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Medicines misuse in the spotlight


It was Oliver’s* third admission to the hospital but this time the bleeding from his bowel was life threatening and he was taken to the ICU. A routine drug screen found warfarin in his system, which was unexpected, as Oliver wasn’t being prescribed the blood thinner by his doctors. Staff began to ask questions, which led them to suspect that Oliver’s daughter-in-law, a registered nurse, had been adding the drug to his corn flakes each morning. Oliver’s son had misused his power of attorney and spent his ill-gotten gains, and the pair decided they were better off if Oliver was out of the picture.

“That was a real eye opener for me,” says Professor Susan Kurrle as she recounts the story of Oliver, one of the first cases of elder abuse she encountered. “I think it sensitised a lot of us to the issue.”

Professor Kurrle, a geriatrician based at Ku-ring-gai Hospital, is a leading expert on the use of medicines as a form of abuse.

When she first came into contact with such cases in 1989, Professor Kurrle says that unlike physical, sexual or mental abuse, medicine was under-recognised as an agent of elder abuse – a situation which, arguably, largely persists today.

To counter that, the Australian Association of Gerontology (AAG) is hosting a special webinar next week looking at medication misuse as a form of elder abuse and how professionals can best respond.

Professor Kurrle, who is a speaker in the webinar, said she has seen 15 to 20 cases over the last couple of years, typically older people who are relying on a carer for their medications presenting to the emergency department with a worsening of their condition.

“It was seeing a number of examples that really brought home to me how common the problem was,” Professor Kurrle told Australian Ageing Agenda.

“In one case there was an older lady with heart failure who came in five times before we clicked that her daughter was very stressed and she would just withhold her mother’s medication for three or four days until she went downhill and needed to come into hospital. The daughter would get five or six days off – respite if you like – while her mother was in hospital.”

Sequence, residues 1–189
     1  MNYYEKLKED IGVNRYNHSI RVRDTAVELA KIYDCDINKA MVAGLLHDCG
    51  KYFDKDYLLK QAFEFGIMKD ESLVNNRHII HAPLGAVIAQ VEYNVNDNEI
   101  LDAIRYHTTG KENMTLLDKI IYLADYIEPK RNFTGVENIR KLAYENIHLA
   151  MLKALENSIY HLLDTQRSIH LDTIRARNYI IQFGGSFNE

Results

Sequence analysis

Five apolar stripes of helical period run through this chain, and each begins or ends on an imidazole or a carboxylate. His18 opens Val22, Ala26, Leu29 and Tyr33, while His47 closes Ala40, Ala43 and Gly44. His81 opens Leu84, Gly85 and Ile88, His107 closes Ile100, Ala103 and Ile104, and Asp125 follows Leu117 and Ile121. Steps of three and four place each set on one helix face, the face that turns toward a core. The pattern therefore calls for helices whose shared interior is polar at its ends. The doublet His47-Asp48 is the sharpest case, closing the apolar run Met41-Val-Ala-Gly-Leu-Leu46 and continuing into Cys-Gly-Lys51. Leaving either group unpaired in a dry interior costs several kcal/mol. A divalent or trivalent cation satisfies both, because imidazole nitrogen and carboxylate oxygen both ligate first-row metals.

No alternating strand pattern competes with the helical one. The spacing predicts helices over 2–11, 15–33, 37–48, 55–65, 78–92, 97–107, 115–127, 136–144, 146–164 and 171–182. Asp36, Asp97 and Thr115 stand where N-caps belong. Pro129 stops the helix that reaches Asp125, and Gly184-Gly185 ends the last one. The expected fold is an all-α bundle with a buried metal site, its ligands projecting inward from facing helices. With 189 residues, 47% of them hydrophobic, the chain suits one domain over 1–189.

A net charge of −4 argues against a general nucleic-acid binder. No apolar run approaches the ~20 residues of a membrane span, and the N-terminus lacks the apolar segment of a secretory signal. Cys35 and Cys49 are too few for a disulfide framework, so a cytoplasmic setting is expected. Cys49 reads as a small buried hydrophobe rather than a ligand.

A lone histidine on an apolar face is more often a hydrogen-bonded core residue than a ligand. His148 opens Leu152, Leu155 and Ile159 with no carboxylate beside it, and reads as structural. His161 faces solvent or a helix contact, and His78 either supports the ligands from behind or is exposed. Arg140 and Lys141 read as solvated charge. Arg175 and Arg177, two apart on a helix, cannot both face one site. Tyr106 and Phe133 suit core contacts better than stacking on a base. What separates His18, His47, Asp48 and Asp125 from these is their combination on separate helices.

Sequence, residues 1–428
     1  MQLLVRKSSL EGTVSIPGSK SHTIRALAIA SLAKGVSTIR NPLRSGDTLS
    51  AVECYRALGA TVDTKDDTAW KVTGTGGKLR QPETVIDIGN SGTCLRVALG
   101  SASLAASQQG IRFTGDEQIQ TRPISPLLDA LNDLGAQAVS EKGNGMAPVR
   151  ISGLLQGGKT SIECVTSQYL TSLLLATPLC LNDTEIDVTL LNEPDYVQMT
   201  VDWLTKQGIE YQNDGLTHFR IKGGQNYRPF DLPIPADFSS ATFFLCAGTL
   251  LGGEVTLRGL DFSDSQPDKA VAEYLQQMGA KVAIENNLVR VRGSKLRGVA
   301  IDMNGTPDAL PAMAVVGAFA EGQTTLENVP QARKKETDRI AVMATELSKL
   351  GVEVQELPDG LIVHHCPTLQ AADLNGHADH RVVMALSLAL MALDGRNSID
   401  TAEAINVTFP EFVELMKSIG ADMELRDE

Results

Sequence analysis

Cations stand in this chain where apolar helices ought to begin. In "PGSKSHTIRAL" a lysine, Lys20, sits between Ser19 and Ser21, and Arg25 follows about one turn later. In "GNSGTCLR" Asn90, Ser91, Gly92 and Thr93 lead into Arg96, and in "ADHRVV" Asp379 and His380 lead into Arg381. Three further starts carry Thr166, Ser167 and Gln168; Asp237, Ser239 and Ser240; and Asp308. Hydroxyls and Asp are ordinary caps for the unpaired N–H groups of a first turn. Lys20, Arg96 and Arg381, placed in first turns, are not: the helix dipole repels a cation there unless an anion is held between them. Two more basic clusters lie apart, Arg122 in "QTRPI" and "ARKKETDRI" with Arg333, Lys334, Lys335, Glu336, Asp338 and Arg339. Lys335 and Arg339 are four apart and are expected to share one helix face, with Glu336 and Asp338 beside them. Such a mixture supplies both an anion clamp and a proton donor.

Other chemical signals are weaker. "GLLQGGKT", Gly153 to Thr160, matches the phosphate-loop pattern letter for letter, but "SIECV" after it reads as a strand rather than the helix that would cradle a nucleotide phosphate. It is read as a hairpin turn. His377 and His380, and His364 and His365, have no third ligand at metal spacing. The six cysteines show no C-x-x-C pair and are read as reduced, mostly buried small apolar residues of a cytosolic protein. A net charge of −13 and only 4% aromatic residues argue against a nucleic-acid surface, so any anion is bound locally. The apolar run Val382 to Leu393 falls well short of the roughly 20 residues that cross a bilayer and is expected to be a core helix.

Professor Kurrle said she was participating in the webinar in order to help raise awareness of the issue. “Because this is out there, it’s happening. It’s a case of alerting nursing staff and medical staff to be aware of it. And we need to address some of the underlying situations.”

Those underlying situations, in many cases, have involved stressed out relatives or carers who were struggling to cope with the caring burden, compounded by a perceived lack of respite or support.

Professor Kurrle was keen to emphasise that “an awful lot of carers out there who are stressed are caring really beautifully for the person that they’re looking after, they provide excellent care”. But sometimes, she said, it all gets too much. “And if you know one tablet is going to settle your wife down for a little while, you may tend to make it two or three, to keep her quiet a little longer.”

She cites another example: a lady whose husband had significant Parkinson’s disease who required medications several times a day.

“She would only give him his medication last thing at night or first thing in the morning, so he would spend the whole day sitting in the chair and not getting in her way. She told the social worker he was a nuisance, he messed up the house, and she dealt with it by withholding his medication. Unfortunately he got pressure areas from sitting too long and came into hospital.”

While these examples were not as obvious as the incidence of poisoning in Oliver’s case, they were the most common examples of misuse of medicines she saw.

“I always come back to definition of elder abuse which is: ‘Any behaviour that causes harm to the older person within a relationship of trust’. If the behaviour, i.e. giving or withholding the medications is causing harm to an older person, then you need to say that is abuse.”

In such instances, Professor Kurrle said there were arguably two victims. “Obviously you have the person who has been given the medication, but if you look at the reason behind the behaviour, often it’s a very, very stressed carer or a very difficult situation, or a very difficult behaviour on the part of the older person.”

For this reason, understanding the instances in which this form of abuse can occur, and addressing the need for appropriate support services and respite, was crucial, she said.

Professor Kurrle will appear in the webinar next week alongside Anne Muldowney, policy advisory with Carers Victoria, and Dr Faizal Ibrahim, geriatrician at The Queen Elizabeth Hospital, South Australia.

Use and Abuse of Medicine: Maintaining Dignity in Care takes place next Wednesday at 12am AEST. 

Australian Ageing Agenda is the media partner of the AAG.

 *Name has been changed 

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